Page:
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Cyberbusiness opportunities in San Diego

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The Internet of Things is expected to have an economic impact of up to $33 trillion a year by 2025, and opportunities abound for San Diego companies.

Representatives from the city of San Diego, Space and Naval Warfare Systems Command (SPAWAR), Qualcomm (Nasdaq: QCOM) and the cybersecurity hub presented some of the areas ripest for investment and most in need of solutions at an Aerospace Defense Forum on Thursday.

From the Navy’s perspective, securing these devices is the fourth revolution in military affairs. Social media, continuous monitoring and configuration management are particular pain points.

“I like to say that we’re living our current generation’s revolution in military affairs,” said Brian Erickson, deputy director of Navy cybersecurity at SPAWAR. “Back in WWI it was tank warfare, WWII was atomic warfare, the Gulf War was smart weaponry. Now we’re into cyber.”

He said SPAWAR’s systems were all built with stability — not security — in mind, which means that configuration management, or the ability to detect the use of devices on a given platform, such as a ship, isn’t always possible, and it needs to be. The same goes for the real-time, dynamic assessment of systems, known as continuous monitoring.

“Understanding from a configuration management perspective, understanding from a continuous monitoring perspective — those are the kind of things we’re focused on right now,” Erickson said.

“If you’re looking at services or products to be developing, those are the kinds of areas I would focus in the immediacy — that doesn’t withstand forward thinking and forward planning.”

Social media is also presenting a major challenge to the Navy in the Internet of Things and cyberspace. The vast majority of the Navy’s personnel is from 18 to 22 years old, and they expect to be able to connect both on land and at sea, far from family and friends.

The problem is twofold: Senior-level flag officers don’t typically share or understand the expectation of connection, and the geographic and time stamps of social media can pose a security threat.

“It’s an ever-present problem that we struggle with daily, to try and ensure that we’re minimizing the operational security risk to the strike group as it deploys, but allow the expected generation to have some of their social media to communicate,” Erickson said.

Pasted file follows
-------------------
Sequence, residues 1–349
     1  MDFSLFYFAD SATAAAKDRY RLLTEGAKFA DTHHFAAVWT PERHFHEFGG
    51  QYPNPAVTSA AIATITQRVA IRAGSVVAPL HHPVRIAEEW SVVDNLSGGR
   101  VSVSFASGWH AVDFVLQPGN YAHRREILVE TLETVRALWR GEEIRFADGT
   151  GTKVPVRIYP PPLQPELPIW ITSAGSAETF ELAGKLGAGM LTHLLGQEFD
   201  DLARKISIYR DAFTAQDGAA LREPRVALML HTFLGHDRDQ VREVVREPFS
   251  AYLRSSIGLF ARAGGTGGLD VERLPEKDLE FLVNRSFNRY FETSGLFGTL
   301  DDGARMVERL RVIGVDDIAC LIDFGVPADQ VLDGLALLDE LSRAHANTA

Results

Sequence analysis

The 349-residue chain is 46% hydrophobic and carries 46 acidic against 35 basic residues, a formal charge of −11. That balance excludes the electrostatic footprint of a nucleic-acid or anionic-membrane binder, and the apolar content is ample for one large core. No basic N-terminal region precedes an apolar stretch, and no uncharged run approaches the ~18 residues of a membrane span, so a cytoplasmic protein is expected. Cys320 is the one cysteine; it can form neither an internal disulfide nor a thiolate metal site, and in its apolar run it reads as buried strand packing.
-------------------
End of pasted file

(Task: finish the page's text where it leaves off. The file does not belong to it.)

Continuous monitoring is also important for San Diego, which thwarts 300,000 attacks a week to its system, said Gary Haslip, chief information security officer for the city of San Diego.

“When I came in, I took a look at the networks and everything we had set up, looked at the gaps we had, set up the whole defense in depth, which is what everybody normally has, but that doesn’t really defend the kind of networks that I have,” Haslip said.

“That doesn’t defend me against the phishing attacks that we deal with and everything else. You got to deal with continuous monitoring and continuous remediation — 24/7 you’ve got to be in our network, know your data, know your people.”

Haslip said the city is funding a continuous-monitoring project for next fiscal year, which he says shows that the mayor and top staff are beginning to understand the problem and the need to prevent attacks and handle compromised systems.

“I finally got the mayor and everybody to understand breaches are going to happen. My job is to put enough controls in place to slow it down so we can respond and kill it when it does happen. And continuous monitoring is one of the key pieces that I need. So I’ve got it funded, just waiting for July 1.”

The other main challenge from the city’s perspective is one that cuts across every divide: people. Haslip said the city bought SANS Securing the Human Training and will roll it out in all departments so employees will pay attention to their computer habits.

While the city of San Diego works with three prime contractors — Atos, Xerox and CGI — Haslip said he is always looking for smaller, startup companies with technology that could fit into his plans a fiscal budget or two down the line with a request for proposal.

Kris Virtue, director of IT at Qualcomm, said his private company’s means of acquiring needed solutions is quicker than the drawn-out RFP process.

“Luckily for us, our process to acquire technology is a lot [simpler] — we pick it and we buy it,” Virtue said.

He said Qualcomm is interested in predictive analytics for enhanced monitoring of systems, and cloud-based security platforms. He said it’s easier to work with local firms, which bodes well for San Diego’s cyberscene, and said Qualcomm typically prefers to work with smaller, newer companies to be better able to tailor the product to their needs.

Darin Andersen, CEO of CyberUnited and head of San Diego’s CyberTech, said that while San Diego has many opportunities for business and growth, one of the paramount shifts of our generation should not be overlooked: the increasing importance of global trade and the rise of China.

With General Electric (NYSE: GE) selling 65 percent of its products outside the United States, and 12 percent of all Global 500 companies based in Beijing alone, getting involved in the global business of Internet of Things and security will present an increasing share of opportunities.

“We’ve seen this shift over the last two decades that has been a dramatic realignment of the large fortune companies,” Andersen said. “We still have the lead in those tech companies — there’s some 280 here — but probably that line will shift over the next 10 years, so you’re going to see a radically different environment.”

China leads the world in this movement, having deployed 29 percent of the world’s IoT devices to date. Europe follows at 27 percent, and then the United States at 22 percent.

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